In her latest novel, Well, That was Awkward, author Rachel Vail brings us her classic wit and humor in a book about crushes, flirting, and friendship. With whip-smart dialogue and a relatable narrator whom readers will both cringe and root for, this Cyrano de Bergerac for the digital age is as laugh-out-loud funny as it is poignant; perfect for readers who are navigating the who-likes-who phase of middle school.
When Gracie Grant starts to lose basic reliable skills around AJ Rojanasopondist, you know, like talking and breathing, she’s not sure what it means. Until she’s tasked with finding out who he like-likes. That’s when she learns he’s into her best friend Sienna Reyes, not her, and she feels the surprise but familiar sting of being ‘second best’. Not that she’s not genuinely happy for Sienna, who is generous, sweet, and gives up her Saturdays for charity work. She just wonders what it is about her own too-big nose and too-tall height (according to Riley Valvert, she’s obviously only able to go out with boys who are taller than she is) that makes her such a ‘nexter’: that is, kind of like ‘Switzerland’, being friends with everybody but not ‘in the mix.’
When Sienna starts receiving texts from AJ, the ever-practical girls frantically try to understand how to flirt, and, soon, Gracie finds herself communicating for Sienna, using her signature humor and smarts to woo him into asking Sienna out for the first time. As Gracie continues to text her once-crush from Sienna’s phone, she watches her words lead to her best friend experiencing a series of first dates, parties, and kisses, and Gracie’s self-loathing grows. So does her relationship with Emmet Barnaby, a brother figure she’s known almost all her life, whom she insists is just-a-friend to anyone who asks.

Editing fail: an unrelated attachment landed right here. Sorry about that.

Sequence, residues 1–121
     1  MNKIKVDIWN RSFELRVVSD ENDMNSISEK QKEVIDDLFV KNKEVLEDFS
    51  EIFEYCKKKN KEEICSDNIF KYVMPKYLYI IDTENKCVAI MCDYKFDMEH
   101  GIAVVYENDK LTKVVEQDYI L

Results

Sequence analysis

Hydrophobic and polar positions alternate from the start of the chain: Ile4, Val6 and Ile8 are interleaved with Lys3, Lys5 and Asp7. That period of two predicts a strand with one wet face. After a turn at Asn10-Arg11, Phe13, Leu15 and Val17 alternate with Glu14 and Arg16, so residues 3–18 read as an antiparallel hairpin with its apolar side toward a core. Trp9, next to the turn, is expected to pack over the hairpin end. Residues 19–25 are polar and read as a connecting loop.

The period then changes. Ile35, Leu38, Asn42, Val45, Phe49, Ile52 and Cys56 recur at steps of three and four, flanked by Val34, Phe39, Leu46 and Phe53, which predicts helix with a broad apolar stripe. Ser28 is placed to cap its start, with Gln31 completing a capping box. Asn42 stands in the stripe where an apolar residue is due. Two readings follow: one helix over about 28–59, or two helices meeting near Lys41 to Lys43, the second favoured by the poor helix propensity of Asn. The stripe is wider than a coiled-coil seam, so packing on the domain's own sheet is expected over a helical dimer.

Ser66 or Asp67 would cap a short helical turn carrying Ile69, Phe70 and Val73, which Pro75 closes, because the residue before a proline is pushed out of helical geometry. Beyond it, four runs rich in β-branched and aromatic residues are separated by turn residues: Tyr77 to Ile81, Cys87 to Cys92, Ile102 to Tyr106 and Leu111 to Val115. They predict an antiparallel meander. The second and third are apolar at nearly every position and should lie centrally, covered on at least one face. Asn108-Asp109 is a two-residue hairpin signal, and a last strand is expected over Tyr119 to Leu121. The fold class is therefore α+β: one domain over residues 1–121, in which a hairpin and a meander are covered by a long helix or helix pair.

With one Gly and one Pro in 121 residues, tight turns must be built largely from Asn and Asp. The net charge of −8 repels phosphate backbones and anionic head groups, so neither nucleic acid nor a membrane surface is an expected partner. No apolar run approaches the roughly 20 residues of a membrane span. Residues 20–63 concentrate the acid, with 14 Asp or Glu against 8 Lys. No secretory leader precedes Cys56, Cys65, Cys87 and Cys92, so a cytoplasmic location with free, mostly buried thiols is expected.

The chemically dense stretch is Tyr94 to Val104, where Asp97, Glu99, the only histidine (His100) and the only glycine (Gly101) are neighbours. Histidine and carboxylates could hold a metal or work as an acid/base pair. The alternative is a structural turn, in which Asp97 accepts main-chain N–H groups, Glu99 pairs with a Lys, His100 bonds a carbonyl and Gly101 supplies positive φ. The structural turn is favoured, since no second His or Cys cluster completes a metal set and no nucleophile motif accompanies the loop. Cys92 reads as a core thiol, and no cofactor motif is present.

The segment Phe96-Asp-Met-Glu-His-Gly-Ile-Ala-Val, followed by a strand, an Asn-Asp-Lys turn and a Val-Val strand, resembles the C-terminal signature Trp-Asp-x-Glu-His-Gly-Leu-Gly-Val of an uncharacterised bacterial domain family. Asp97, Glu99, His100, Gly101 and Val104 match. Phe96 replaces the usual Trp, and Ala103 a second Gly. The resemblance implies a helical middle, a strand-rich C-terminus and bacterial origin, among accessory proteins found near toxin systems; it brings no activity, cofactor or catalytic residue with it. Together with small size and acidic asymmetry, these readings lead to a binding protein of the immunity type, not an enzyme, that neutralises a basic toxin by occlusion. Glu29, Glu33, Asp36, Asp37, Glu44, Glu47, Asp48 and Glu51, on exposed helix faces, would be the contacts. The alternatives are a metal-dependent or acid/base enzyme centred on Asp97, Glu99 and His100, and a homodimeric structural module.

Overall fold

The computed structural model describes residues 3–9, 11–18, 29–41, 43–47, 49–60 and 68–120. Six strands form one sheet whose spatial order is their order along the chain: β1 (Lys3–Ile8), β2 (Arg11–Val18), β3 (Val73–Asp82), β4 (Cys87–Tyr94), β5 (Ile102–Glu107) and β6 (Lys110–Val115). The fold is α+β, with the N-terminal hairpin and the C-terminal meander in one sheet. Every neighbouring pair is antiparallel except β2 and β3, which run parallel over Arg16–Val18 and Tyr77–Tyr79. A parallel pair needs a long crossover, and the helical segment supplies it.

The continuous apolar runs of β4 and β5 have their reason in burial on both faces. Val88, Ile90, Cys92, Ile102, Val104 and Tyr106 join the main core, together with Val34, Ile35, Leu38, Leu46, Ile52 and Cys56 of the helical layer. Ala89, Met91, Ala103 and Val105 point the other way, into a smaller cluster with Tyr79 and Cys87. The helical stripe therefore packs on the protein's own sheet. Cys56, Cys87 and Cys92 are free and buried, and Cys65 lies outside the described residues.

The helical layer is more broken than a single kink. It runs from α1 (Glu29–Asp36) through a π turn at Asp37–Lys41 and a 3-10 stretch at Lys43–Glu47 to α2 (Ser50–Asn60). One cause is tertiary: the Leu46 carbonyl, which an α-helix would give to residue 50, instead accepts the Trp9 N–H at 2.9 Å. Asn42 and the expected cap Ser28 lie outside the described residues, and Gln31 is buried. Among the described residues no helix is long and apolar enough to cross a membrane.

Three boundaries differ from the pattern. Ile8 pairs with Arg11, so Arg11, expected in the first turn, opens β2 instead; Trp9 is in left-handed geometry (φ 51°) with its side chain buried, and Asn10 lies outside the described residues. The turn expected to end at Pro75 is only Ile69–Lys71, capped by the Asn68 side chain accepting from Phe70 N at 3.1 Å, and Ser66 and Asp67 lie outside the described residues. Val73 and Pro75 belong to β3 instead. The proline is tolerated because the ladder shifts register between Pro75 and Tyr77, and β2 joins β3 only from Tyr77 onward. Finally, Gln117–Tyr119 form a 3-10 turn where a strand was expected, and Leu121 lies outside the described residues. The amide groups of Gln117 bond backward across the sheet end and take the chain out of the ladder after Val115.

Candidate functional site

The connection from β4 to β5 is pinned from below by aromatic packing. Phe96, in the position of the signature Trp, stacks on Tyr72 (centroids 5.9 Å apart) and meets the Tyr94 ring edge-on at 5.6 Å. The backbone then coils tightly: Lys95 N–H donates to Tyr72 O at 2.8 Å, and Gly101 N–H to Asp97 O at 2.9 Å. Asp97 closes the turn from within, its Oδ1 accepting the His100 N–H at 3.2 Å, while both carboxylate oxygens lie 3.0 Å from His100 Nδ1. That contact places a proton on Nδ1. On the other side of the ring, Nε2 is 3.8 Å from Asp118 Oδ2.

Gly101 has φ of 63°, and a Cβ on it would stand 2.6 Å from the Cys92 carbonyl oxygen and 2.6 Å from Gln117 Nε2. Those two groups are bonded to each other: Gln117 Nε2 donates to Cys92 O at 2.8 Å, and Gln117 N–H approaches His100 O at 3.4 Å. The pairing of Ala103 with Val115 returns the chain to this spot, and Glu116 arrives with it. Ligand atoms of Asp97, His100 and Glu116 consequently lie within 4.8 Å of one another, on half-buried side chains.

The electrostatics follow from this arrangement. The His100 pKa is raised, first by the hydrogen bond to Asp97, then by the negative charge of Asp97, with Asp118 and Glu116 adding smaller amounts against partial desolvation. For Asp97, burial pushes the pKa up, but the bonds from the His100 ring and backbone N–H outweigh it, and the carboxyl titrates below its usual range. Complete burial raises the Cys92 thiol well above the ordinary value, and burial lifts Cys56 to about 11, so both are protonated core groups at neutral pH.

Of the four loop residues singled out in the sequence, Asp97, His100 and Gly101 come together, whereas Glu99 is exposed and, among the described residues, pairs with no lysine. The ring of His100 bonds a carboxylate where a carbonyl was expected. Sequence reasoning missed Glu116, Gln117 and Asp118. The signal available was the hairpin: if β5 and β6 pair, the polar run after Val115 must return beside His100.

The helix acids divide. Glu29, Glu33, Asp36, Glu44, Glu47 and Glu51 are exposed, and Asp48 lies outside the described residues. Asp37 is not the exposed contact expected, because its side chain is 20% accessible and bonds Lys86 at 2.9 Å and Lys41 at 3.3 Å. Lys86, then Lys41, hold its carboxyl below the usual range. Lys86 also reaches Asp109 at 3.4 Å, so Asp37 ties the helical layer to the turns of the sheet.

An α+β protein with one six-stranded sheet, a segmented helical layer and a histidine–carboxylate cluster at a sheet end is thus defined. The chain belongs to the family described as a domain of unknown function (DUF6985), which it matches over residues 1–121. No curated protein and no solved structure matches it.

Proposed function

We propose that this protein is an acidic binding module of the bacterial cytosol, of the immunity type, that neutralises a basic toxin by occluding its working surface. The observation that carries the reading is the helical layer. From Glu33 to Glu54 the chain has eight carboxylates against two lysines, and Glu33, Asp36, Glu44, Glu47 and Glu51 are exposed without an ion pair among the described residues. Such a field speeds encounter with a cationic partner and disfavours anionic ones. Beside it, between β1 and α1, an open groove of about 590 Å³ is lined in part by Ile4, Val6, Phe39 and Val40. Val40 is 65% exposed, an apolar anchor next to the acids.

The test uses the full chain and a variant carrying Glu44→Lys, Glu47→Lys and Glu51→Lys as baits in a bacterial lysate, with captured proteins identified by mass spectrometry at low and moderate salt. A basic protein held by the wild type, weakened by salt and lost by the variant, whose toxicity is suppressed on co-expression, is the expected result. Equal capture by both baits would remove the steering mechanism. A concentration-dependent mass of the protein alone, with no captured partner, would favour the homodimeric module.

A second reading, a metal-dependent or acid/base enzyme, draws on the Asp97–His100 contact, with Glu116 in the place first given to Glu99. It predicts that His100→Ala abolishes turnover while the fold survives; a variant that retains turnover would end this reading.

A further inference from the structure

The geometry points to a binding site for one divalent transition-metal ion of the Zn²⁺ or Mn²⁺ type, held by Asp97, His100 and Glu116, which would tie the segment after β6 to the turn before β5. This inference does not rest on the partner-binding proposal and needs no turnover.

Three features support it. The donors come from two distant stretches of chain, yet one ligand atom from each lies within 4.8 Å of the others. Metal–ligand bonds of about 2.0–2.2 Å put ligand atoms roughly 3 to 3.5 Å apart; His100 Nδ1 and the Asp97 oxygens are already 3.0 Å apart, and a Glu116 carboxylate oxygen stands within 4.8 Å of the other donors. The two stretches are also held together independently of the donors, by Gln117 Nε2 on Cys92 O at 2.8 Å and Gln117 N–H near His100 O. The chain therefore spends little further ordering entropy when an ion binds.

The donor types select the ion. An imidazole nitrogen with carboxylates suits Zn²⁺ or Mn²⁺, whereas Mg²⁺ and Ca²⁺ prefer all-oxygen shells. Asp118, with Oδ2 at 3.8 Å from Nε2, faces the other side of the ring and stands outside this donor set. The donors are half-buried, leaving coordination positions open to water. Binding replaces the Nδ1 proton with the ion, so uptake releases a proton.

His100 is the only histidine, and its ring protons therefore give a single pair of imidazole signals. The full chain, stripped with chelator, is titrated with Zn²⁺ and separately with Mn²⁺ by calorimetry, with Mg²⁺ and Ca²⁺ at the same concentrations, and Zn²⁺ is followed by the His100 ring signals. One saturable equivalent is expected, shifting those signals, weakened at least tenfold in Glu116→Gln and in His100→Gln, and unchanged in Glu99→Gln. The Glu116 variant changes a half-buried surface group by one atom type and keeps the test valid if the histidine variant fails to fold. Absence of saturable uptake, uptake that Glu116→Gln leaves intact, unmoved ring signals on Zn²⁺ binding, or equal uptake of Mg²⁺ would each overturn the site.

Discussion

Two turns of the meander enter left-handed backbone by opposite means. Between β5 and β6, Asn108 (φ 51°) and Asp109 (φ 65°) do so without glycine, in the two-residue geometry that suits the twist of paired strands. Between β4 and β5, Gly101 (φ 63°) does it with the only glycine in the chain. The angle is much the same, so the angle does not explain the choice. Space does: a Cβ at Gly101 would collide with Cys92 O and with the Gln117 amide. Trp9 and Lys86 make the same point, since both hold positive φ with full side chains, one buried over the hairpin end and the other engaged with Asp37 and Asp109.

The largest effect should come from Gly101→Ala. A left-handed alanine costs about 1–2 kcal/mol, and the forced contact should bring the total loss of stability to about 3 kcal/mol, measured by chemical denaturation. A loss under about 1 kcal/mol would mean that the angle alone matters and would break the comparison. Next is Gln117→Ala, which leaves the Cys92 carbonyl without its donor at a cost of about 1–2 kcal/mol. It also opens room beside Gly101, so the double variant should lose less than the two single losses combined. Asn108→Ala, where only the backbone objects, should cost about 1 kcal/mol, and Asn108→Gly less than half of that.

While Gracie tries to sort out the twists and turns in her best friend’s love life, she looks to imaginary conversations with a twenty-three year old sibling she never had, the sister who died before she was born. The death has left a strange hole in her parent’s lives, one Gracie can’t ever seem to fill. Vail’s fast-talking romantic comedy turns tender and moving as Gracie recognizes that the always-smiling, joking, happy-go-lucky façade is not one she can always keep up; not for herself, or her parents and friends.
Vail’s dialogue, both spoken and through text, is delicious to read, and Gracie’s neuroticism is loveable, relatable, and laugh-out-loud funny. The friendships in the book are rich and complex; from the fragility of Gracie and Sienna’s sister-like bond to the comfort and familiarity of Gracie and Emmet’s witty rapport. There’s also the too-eager Dorin Baker and mean girl Riley Valvert, two middle-school tropes that find some nuance and depth in Vail’s capable hands. But, it’s Gracie who remains the bright light in this already shining book. She manages to stay true to who she is, even while struggling to understand what that truth might be.
This is tale of all that’s awkward about middle-school life: navigating a best-friend’s romance, the un-fillable hole a lost sibling may leave behind, and discovering what’s sincere at a time when people are hiding their truths as best they can. Vail brings this awkward time to life without being awkward at all. The novel is as funny as it is tender; a treat for readers of any age.
Well, That Was Awkward is on B&N bookshelves February 28.